Proof Half Sovereigns

The first modern gold proof half sovereign was issued by the Royal Mint in 1980. Struck to the same standards of gold bullion half sovereigns, proof half sovereigns are made of 22 carat gold, and weigh 3.99 grams each. They have a face value of 50p. Half sovereigns are exactly half the weight of a full sovereign.

What is a Proof Half Sovereign?

The difference between a standard half sovereign (Circulating or Brilliant Uncirculated) and a proof half sovereign is the quality of the finish. The fields on a proof half sovereign are highly polished, producing a mirror like surface. The features are more prominent, such as the monarchs portrait, or St George and the dragon on the reverse, often giving a cameo look.

A proof half sovereign has been struck each year by the Royal Mint since 1980 to present day. The majority of years feature Queen Elizabeth II on the obverse, and Benedetto Pistrucci’s famous portrayal of St George slaying the dragon on the reverse. For special commemorative years, the reverse design has been changed, such as the 500th Anniversary Tudor Rose design for 1989, and the Shield Back design for the Golden Jubilee in 2002.

How are Proof Half Sovereigns displayed?

All proof half sovereigns issued by the Royal Mint come encapsulated. Even small amounts of handling are incredibly noticeable, a plastic capsule protects the coin from any damage. Unless issued as part of a set, such as a 3 coin or 4 coin sovereign set, individual proof half sovereigns come housed in a Royal Mint presentation case with a certificate of authenticity. Over the years, the design and shape of these boxes has changed significantly. Please see our article on Royal Mint Proof Sovereign Boxes for more information.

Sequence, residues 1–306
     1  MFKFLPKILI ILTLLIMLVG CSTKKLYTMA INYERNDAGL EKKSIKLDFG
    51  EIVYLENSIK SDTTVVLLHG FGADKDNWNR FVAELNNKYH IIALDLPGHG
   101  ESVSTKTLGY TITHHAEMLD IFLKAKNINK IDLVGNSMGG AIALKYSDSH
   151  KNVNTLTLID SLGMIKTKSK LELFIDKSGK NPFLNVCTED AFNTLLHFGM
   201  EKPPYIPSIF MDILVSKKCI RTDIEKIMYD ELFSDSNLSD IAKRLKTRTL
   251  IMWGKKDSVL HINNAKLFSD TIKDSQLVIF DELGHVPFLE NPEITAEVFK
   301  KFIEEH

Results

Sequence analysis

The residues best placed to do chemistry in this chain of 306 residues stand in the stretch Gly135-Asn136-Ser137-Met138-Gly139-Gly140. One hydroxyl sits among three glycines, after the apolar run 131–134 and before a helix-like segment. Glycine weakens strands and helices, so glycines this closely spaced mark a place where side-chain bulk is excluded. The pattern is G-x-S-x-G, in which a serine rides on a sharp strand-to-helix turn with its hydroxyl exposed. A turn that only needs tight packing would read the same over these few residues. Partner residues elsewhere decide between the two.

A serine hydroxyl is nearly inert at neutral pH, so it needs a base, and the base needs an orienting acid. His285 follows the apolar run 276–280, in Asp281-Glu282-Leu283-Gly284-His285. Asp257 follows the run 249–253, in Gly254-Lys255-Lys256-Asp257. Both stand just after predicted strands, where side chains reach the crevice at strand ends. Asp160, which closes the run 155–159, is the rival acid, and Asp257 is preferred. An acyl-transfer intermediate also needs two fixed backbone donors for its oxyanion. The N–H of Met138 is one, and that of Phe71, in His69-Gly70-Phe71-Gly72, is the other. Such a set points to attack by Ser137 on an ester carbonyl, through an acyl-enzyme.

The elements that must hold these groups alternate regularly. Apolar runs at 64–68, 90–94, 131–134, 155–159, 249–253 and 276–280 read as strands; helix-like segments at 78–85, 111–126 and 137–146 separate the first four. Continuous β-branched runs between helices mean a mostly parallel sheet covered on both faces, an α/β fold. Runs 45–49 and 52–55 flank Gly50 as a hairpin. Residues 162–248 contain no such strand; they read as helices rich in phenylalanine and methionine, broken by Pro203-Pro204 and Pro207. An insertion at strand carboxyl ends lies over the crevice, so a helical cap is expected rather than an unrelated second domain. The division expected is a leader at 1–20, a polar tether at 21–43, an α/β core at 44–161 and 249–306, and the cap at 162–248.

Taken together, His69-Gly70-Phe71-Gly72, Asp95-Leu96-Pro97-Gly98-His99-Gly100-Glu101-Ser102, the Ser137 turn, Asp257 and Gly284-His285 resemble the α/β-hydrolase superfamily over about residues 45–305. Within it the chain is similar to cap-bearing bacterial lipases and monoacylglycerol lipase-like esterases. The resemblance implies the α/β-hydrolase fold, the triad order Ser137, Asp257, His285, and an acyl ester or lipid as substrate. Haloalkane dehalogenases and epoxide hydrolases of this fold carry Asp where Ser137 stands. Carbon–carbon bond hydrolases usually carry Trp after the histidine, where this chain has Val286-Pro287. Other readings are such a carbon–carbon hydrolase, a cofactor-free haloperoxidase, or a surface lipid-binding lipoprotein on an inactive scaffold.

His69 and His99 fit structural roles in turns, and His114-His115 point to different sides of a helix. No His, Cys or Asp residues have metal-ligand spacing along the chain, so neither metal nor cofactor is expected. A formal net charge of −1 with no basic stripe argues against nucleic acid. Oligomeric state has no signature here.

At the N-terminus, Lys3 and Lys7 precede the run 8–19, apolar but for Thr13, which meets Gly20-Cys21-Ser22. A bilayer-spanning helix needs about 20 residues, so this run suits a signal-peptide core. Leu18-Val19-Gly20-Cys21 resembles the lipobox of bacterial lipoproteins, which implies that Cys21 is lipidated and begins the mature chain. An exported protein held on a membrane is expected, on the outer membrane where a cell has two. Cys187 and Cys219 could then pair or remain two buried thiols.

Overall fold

The number of proof half sovereigns produced by the Royal Mint can vary quite dramatically from year to year. This creates a ‘supply and demand’ issue within the market, making some proof half sovereign dates rarer and more sought after than others. For example, according to Royal Mint figures, 100,000 proof half sovereigns were issued in 1980, compared to just over 4,000 in 1986.

It is not only the mintage figure that determines the value of a proof half sovereign year, it is also the popularity of the design. For example, the 500th anniversary Tudor Rose design issued in 1989 is one of the most sought after. With an issue of over 10,000, it is currently commands the highest price of all years.

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